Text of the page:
Inspired by a conversation on Quora about how an investment in Apple at the time the movie was released in 1994 would have performed, we decided to instead estimate what Forrest and Lt. Dan's investment would be worth today.

Unfortunately, the movie is not overly specific about the size or exact timing of Lt. Dan and Forrest's investment. There is, however, a very narrow window in which the investment could have happened.

Apple was initially founded on April 1, 1976. The scene in which Forrest receives his letter from the "fruit company" thus needs to happen after that date.

However, according to this upload of the movie's script, a few scenes after Forrest gets that letter, he and Jenny are watching a TV broadcast of the bicentennial celebrations that took place on July 4, 1976. Therefore, Lt. Dan must have made that investment somewhere in the three-month period between those two dates.

Regardless of exactly when the investment was made, Apple would not go public for another four years, and so trying to nail down a stock price or valuation of Bubba-Gump Shrimp's investment in the computer company is very difficult.

To make our lives easier, we considered what the price return on a $10,000 investment in Apple at the time of the company's IPO on December 12, 1980 would have been in the long run for Forrest and friends.

It would actually take some time for the Apple investment to mature to the point where Forrest "don't have to worry about money no more." The stock's price hovered at or below the IPO value for a couple years. It would double in value for a brief time by May 1983, before stagnating throughout most of the rest of the 1980s.

On the July 6, 1994 release date for "Forrest Gump", Forrest and Lt. Dan's hypothetical $10,000 investment would have been worth $18,173.

The stock didn't really take off until Apple's successes in the 2000s and beyond.

But if Forrest were still holding onto his Apple investment today, it would be worth over $2.5 million.

forrest gump apple price

SEE ALSO: Here's where the world's $263 trillion worth of stuff is

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NOW WATCH: This 50 year-old theory is the reason we all use iPhones and iPads

'Inside Out' is Pixar's most stunning animated film since 'Finding Nemo'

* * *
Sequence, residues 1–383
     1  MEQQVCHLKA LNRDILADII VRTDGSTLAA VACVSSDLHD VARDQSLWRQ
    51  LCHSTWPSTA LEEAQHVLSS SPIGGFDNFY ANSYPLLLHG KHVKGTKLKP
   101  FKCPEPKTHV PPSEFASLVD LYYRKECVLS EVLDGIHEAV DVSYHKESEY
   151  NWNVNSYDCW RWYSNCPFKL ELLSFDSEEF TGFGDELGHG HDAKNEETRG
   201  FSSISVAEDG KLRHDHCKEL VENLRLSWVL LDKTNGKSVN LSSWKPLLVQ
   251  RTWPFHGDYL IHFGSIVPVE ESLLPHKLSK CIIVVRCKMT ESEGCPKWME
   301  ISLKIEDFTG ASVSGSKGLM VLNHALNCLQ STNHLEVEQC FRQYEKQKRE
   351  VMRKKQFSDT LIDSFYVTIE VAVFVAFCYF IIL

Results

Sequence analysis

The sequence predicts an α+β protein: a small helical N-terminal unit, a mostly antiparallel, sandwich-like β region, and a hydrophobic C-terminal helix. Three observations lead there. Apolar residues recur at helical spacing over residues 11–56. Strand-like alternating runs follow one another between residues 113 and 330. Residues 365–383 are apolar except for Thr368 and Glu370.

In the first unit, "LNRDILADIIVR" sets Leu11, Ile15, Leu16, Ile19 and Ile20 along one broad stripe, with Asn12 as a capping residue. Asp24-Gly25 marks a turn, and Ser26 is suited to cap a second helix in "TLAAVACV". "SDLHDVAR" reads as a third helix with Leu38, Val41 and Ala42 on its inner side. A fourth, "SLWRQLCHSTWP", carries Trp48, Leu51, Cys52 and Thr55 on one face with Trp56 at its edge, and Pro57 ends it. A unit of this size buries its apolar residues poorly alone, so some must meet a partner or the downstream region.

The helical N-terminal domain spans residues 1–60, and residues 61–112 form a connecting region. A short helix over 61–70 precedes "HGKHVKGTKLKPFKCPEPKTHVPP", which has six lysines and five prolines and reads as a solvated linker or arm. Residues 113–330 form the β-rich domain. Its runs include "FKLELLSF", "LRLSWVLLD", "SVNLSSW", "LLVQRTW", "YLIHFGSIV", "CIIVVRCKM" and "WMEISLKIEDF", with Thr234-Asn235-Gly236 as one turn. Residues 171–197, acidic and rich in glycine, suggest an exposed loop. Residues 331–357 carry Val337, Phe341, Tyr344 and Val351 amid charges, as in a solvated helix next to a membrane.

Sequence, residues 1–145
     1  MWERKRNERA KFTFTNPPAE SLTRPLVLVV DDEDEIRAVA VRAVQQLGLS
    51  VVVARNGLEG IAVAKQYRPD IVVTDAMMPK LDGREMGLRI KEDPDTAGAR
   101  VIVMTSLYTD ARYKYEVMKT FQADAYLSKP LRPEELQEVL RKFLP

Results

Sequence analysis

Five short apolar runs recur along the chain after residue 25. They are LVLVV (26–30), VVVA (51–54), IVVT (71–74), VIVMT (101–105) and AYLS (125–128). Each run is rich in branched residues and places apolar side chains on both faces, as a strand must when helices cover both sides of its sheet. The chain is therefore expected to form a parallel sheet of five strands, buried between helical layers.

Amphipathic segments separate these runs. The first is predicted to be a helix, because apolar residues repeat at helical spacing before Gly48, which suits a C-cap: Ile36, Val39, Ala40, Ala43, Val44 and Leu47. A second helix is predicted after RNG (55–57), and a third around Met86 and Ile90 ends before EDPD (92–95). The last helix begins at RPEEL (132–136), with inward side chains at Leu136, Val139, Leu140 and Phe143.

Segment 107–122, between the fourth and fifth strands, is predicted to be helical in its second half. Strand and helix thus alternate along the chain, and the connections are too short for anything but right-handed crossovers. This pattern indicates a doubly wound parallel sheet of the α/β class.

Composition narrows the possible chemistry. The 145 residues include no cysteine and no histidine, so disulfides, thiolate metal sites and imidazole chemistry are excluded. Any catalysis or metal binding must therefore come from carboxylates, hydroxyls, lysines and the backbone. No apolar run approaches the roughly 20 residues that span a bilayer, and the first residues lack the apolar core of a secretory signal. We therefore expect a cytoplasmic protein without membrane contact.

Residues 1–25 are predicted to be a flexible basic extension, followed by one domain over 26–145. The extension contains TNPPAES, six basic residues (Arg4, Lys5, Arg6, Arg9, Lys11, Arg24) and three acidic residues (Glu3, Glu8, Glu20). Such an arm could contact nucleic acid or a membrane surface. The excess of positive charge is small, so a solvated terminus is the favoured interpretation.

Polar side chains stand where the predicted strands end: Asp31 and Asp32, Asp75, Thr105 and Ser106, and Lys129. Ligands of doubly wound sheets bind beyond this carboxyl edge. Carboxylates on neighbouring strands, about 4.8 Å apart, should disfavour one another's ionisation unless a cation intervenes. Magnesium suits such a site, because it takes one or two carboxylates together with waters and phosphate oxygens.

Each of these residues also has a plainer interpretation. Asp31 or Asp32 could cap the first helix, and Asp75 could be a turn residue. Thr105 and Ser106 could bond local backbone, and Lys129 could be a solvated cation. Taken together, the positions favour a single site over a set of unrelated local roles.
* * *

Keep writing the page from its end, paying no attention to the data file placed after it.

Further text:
inside out pixar

Pixar's latest, "Inside Out," packs all the feels. Quite literally.

The movie follows 11-year-old Riley, spirited and goofy, as her dad's new job in San Francisco uproots the family from the Midwest. Helping to navigate Riley through this change are her emotions: Joy (Amy Poehler), Fear (Bill Hader), Anger (Lewis Black), Disgust (Mindy Kaling), and Sadness (Phyllis Smith).

The anthropmorphic emotions live in Headquarters, the control center of Riley's mind, where they work together to advise her through everyday life. It's one of Pixar's most daring concepts to date. Directors Pete Docter and Ronnie del Carmen reimagine the brain as a Rube Goldberg-inspired aparatus, where memories are stored in glowing orbs that play back like Vines and a literal train of thought runs on a track through her psyche.

"Inside Out" is an unmistakable Pixar production. Much like "Toy Story," Finding Nemo," and "Up," the movie takes you on wildly funny adventures, all while tugging at the heartstrings. It strikes a perfect balance between childlike wonder and enthusiasm and smart, crass humor — appeasing both the kids and adults watching. And while "Inside Out," which is the studio's first release since 2013's "Monsters University," falls just shy of its predecessors' emotional pull, it surpasses them in its stunning animation and technical feats.

inside out pixar

In an interview at Pixar Animation Studios in Emeryville, California, Del Carmen ("Up,""Ratatouille") told Business Insider that the team set out to create the "largest set" of any animated movie. It was an absurdly tall order.

"We had to create the worlds that have never existed before. What does the interior of the mind look like? What are the systems in place?" del Carmen said. How do you visualize short-term memory converting into long-term memory, and the process of forgetting things? "We had to make that represented in the movie."

A person's personality, for example, is made up of large, amusement park-like "personality islands." Each represents a core trait or value. Below, we see the emotions peering out into the vast landscape of Riley's mind, where family island, friendship island, ice hockey island, and goofball island form her very essence.